Rules of Grammar: Do You Remember What I Told You to Forget?

This week’s assignment for 6300 Understanding Writing as a Process course is to read the “Introduction” and locate ourselves among the range of voices in “Bad Ideas About Style, Usage, and Grammar” from the book Bad Ideas About Writing by Cheryl E. Ball and Drew M. Loewe.  I was drawn to the section titled “Teaching Grammar Improves Writing” by Patricia A. Dunn.

I will start by saying I have much respect for the Ball and Loewe compilation of entries on bad ideas.  The “Introduction” relates their work is more of an effort to suggest better ideas than to simply name bad ones (Ball and Loewe 2).   Readers are told the entries “…offer a practical action-oriented group of rational manifestos for discontinuing unhelpful or exclusionary ideas about a subject and activity that all have a stake in (Ball and Loewe 3).”  I admit to having had a vested interest in the correct use of grammar and all it entails.

Based on what is revealed in this book, I’m learning to un-learn grammatical ideas hammered into my psyche from elementary school, high school, grant writing, architectural and engineering technical writing, and sundry other influences.  As a creative writer, you’d think I’d left antiquated notions about grammar far behind.  Not so!  I’ve spent so much time revising content to comply with concepts of correct grammar, only to have my writing suffer in the process.

For instance, I mercilessly cling to the belief that a paragraph is made up of two or more sentences.  How difficult it is for me to read, let alone publish a one-sentence paragraph!  I strive for a degree of paradigm shifting because my freelance writing is sometimes edited to break up those more-than-one-sentence paragraphs.  Classmates can attest that recent peer review of my assignment design offered multiple suggestions to break up lengthy paragraphs.  Can you imagine?!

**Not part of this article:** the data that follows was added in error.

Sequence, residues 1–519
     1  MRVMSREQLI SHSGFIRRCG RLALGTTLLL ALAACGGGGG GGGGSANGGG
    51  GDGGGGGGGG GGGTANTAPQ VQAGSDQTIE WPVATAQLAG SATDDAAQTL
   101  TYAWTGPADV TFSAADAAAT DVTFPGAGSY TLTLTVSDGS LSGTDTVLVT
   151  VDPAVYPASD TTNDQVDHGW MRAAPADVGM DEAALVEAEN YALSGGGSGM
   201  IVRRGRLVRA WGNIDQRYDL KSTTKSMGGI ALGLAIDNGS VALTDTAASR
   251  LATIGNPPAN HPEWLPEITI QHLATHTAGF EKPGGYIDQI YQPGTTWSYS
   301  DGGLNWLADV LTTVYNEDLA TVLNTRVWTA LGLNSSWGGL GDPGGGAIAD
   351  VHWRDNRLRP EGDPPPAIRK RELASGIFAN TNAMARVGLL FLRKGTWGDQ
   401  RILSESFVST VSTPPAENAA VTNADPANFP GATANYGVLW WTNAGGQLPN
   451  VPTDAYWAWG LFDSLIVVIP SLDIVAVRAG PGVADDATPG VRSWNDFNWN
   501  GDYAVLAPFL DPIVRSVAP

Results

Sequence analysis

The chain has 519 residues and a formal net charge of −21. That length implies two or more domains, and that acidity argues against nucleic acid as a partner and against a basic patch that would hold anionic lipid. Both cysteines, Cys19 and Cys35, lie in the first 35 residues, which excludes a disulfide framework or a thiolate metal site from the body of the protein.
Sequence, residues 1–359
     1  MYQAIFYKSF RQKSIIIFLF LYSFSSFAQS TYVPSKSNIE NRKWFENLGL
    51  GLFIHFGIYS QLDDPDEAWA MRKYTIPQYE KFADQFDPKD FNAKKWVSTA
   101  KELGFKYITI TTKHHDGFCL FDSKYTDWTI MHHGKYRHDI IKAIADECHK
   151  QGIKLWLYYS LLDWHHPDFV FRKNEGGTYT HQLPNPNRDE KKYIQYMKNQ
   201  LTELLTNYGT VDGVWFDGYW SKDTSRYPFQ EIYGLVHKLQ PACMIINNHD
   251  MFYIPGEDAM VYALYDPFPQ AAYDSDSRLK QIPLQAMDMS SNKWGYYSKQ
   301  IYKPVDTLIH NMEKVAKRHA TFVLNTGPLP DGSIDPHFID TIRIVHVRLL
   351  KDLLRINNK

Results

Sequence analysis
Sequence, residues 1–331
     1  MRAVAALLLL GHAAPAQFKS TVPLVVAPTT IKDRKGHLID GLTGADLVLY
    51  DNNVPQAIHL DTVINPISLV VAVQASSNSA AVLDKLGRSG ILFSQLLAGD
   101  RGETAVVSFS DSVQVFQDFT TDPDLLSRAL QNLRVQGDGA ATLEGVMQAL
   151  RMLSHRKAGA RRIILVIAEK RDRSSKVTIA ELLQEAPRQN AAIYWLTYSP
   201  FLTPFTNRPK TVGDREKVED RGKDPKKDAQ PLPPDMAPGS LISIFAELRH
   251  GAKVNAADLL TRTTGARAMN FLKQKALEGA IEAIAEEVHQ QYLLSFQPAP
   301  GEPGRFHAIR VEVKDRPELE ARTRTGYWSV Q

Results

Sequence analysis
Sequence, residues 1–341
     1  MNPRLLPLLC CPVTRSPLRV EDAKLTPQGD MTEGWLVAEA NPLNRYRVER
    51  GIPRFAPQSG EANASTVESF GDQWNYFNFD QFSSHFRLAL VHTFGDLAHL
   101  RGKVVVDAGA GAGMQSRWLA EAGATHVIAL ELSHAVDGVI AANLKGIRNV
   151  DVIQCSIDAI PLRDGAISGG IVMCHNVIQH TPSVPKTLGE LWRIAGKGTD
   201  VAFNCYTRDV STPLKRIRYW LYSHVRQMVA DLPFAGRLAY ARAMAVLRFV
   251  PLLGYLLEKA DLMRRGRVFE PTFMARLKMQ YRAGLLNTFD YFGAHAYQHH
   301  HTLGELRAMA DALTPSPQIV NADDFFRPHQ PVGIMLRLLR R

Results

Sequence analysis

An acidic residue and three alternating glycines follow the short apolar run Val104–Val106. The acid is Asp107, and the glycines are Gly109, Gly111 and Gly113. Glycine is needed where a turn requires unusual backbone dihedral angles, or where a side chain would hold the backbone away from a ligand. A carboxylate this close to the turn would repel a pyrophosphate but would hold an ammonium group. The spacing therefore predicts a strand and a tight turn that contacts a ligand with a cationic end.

Oh, if I’d only had teachers who taught writing instead of grammar as Dunn recommends.  “One way to improve writing is to stop looking for a better way to teach grammar.  To improve writing, find a better way to teach writing (Ball and Loewe 144).”  She advocates teaching writing in context by having students write in real-world situations with the declaration: “Even what is considered so-called correct writing can vary depending on the conventions expected in a particular genre or publication (Ball and Loewe 146-147).”

I found an interesting website while searching for other sources on the subject.  A former classroom teacher introduces the process of writing to elementary students.  There’s hope yet for future first-year college writing students and teachers of writing.  If students enter college already equipped with understanding of writing as a process, what a wonderful academic world this will be!

Dunn makes an assertion in concluding her entry.  “If young people are to be knowledgeable, ever-learning, active citizens in a participatory democracy, they must develop a wide-ranging, flexible literacy (Ball and Loewe 148).”  I dare say the statement also applies to not-so-young people such as myself.  I’m still learning and evolving as a writer because I want to “…become informed, alert and engaged enough to appreciate all kinds of writing (Ball and Loewe 148).”

Images courtesy of Pinterest

Ball, Cheryl E., and Drew M. Loewe, Bad Ideas About Writing, West Virginia U, 2017. Web. 07 Oct. 2018. <>.

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